Three days before Tony Blair and Bertie Ahern were able to broker the Belfast Agreement, civil servants were concerned that a deal might prove a “bridge too far”.
Northern Ireland Office files show that in the months running up to the conclusion of the multiparty talks at Stormont there had been considerable contingency planning about where a revived Assembly should be accommodated, how many departments a new executive should have, which electoral system should be used to return MLAs and how the civil service and UK ministers should handle a referendum campaign.
However on April 7th, 1998, civil servant David Crabbe sent a memo to the head of the Northern Ireland civil service John Semple entitled “Grim Outlook (Bridges Too Far?)”. Crabbe reported that “things have taken a serious turn for the worse with regards to the political process”.
He said the Ulster Unionists had rejected a synthesis paper put forward by talks chairman George Mitchell, and “whilst not talking in terms of a ‘walk out’, they have signalled that ‘radical changes’ are required”. The memo continues “to top all of this, the Alliance Party have responded equally vehemently to the document. They believe they could not sell it to their constituency!”
On the mood among nationalists, the memo surmises “all this of course suits the SDLP and Sinn Féin particularly well. It deflects away from their protestations. We are probably likely to see SDLP/Sinn Féin push on regardless for non-institutional issues (eg policing, criminal justice etc..) arguing that such issues should not await the resolution of institutional issues.”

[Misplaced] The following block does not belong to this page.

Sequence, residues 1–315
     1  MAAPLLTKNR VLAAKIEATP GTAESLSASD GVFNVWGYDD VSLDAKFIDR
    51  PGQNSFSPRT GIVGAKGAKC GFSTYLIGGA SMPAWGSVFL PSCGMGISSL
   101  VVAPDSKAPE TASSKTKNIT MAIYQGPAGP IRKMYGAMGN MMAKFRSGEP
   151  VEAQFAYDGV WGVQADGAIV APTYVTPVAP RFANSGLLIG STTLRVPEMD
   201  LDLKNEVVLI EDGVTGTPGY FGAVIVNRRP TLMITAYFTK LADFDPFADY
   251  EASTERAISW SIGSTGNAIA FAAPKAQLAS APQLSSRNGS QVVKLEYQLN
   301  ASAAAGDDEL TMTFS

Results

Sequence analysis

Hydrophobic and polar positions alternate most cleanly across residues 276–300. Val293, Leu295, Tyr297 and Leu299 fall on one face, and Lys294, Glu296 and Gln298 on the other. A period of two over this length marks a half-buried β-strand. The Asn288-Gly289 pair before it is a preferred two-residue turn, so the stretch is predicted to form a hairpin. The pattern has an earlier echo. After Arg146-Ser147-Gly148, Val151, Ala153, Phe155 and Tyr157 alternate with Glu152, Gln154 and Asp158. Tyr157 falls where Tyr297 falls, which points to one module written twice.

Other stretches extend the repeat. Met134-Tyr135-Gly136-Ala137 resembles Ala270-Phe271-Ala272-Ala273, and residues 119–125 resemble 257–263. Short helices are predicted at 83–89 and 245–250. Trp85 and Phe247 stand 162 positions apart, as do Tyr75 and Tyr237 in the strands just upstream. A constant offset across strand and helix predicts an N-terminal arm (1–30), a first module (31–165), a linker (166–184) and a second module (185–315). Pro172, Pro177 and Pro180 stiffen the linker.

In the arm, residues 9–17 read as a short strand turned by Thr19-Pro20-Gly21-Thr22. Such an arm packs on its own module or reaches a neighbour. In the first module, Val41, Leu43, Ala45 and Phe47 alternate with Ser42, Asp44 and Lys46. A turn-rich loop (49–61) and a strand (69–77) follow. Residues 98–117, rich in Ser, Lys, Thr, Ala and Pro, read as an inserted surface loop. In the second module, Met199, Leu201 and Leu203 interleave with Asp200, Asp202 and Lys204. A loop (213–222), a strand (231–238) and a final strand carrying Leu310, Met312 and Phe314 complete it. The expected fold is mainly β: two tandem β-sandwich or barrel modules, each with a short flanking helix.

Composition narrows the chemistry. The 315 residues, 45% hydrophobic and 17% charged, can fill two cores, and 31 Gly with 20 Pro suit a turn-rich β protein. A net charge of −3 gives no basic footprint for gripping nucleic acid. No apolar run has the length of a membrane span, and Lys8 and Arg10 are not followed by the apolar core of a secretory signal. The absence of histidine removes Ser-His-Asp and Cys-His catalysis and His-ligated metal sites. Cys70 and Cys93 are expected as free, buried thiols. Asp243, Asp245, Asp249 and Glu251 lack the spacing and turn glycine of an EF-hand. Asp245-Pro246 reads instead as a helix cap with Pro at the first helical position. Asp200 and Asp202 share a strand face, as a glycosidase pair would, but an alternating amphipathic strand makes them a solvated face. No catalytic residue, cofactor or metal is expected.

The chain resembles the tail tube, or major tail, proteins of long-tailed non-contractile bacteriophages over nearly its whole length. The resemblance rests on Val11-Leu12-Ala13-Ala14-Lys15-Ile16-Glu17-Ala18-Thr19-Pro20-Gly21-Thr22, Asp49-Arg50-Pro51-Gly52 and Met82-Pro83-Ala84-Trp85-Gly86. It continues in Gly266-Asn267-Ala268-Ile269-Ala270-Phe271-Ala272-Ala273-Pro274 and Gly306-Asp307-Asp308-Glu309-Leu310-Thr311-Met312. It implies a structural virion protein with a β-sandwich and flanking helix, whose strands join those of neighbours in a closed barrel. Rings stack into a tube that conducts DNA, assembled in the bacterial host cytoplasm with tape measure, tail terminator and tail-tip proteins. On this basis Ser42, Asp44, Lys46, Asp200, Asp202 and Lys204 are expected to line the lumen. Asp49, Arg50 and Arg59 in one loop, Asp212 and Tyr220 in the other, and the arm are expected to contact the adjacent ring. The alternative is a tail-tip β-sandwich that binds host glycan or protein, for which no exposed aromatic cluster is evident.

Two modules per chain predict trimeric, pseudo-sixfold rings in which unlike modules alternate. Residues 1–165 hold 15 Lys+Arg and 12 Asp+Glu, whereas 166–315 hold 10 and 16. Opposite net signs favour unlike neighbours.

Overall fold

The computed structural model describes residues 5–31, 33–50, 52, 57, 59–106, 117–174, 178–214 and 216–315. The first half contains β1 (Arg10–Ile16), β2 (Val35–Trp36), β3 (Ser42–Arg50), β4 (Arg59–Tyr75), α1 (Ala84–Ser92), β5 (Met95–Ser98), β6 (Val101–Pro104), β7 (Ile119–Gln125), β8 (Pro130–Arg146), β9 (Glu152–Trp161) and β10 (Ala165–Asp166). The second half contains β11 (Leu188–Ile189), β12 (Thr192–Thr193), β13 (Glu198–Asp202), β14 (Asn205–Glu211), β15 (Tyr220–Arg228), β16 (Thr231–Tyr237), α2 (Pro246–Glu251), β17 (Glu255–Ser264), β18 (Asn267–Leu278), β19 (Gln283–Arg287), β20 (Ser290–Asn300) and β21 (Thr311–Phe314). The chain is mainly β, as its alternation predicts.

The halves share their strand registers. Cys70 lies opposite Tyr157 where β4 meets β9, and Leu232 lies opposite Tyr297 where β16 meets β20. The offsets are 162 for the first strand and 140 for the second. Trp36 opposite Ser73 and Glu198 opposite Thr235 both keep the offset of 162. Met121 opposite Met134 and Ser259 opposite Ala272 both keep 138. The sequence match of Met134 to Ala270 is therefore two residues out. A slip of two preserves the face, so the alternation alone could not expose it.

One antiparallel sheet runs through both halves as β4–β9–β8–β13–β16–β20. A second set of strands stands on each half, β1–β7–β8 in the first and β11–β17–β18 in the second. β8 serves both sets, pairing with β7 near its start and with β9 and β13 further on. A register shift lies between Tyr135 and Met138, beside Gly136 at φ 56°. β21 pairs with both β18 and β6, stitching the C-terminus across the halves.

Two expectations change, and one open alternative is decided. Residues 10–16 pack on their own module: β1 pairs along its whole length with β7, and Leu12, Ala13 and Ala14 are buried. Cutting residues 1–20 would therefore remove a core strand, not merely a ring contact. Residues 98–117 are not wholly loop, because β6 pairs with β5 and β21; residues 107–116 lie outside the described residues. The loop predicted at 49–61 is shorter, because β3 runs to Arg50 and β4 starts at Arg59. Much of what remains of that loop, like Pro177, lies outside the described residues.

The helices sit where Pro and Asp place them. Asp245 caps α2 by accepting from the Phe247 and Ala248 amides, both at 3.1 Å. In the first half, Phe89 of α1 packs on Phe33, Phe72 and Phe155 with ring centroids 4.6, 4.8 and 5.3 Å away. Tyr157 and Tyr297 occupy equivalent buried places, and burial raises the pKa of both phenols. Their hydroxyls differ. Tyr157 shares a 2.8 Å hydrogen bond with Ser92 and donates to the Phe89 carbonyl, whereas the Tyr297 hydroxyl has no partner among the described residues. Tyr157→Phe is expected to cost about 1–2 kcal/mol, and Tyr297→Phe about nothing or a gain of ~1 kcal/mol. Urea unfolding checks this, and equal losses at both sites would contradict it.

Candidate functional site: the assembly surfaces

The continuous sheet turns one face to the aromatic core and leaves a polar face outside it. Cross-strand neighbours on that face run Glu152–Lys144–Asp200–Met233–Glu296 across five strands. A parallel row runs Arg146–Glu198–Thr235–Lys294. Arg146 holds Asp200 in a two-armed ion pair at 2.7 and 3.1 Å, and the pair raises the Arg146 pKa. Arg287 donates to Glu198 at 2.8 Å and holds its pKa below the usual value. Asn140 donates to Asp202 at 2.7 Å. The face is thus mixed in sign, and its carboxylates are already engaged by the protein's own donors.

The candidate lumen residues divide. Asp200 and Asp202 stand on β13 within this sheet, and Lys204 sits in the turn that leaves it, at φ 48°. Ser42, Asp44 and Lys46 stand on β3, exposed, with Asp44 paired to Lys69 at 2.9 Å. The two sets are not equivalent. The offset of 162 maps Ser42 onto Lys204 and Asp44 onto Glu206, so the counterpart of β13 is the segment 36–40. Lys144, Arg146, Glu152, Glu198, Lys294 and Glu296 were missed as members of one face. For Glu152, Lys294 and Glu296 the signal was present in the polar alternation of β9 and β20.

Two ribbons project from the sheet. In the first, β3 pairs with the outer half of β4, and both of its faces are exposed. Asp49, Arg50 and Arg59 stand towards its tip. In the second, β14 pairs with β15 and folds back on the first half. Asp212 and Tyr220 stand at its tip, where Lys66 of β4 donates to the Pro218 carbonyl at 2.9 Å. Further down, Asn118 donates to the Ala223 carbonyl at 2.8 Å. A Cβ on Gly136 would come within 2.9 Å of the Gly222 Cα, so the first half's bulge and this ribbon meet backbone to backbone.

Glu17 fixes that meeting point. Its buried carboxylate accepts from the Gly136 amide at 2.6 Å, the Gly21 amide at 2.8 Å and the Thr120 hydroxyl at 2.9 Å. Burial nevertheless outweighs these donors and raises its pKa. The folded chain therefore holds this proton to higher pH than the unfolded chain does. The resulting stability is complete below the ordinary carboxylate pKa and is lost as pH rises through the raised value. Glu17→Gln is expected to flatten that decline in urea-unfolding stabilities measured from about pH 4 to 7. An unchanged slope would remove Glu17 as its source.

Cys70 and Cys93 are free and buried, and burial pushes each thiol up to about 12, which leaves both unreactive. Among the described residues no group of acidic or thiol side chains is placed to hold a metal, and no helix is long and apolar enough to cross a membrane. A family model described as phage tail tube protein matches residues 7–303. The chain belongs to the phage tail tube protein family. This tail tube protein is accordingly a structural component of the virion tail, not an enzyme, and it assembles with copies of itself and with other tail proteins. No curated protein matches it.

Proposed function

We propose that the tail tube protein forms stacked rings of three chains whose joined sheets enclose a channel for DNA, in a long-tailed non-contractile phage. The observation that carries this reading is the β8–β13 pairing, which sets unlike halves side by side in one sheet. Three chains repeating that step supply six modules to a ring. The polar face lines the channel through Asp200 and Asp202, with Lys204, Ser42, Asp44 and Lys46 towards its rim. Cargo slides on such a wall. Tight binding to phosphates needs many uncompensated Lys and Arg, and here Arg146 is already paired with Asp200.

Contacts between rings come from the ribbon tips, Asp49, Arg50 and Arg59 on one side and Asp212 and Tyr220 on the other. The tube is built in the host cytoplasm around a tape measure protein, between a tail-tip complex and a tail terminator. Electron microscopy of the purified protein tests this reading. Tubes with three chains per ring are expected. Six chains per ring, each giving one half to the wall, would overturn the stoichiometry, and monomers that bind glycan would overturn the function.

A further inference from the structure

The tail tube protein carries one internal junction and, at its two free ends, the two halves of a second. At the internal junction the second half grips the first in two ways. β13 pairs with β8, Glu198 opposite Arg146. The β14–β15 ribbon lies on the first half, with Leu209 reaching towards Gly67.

Ulster Unionist unhappiness with Mitchell’s synthesis paper – which they regarded as creating too many North-South bodies with too much power – was no secret at the time of the talks. The UUP deputy leader John Taylor told the press he would not touch the proposals with a “40-foot barge pole”.
In his memoir Making Peace former US senator Mitchell, wrote that the controversial “strand 2″ section laying out the vision for cross-Border bodies was not in fact his work, but had been authored by the British and Irish governments. Mitchell revealed that Tony Blair and Bertie Ahern had insisted the section be included unchanged, without any indication that it was their text not that of the talks chairman. Mitchell wrote that when he read the document he knew instantly that “Trimble would never, could never, accept this”.
After the crisis erupted Blair and Ahern flew into Stormont to take personal charge of the negotiations, including the recalibration of their own controversial North-South proposals which had nearly caused the Belfast Agreement talks to break down.
Other documents show that a month before the Belfast Agreement concluded a contingency plan had identified Castle Buildings as “the least costly solution” for accommodating the new Northern Ireland Assembly.
Documents also deal with issues like the number of departments the new Stormont executive should have and the precise electoral system which should be used to return the new MLAs.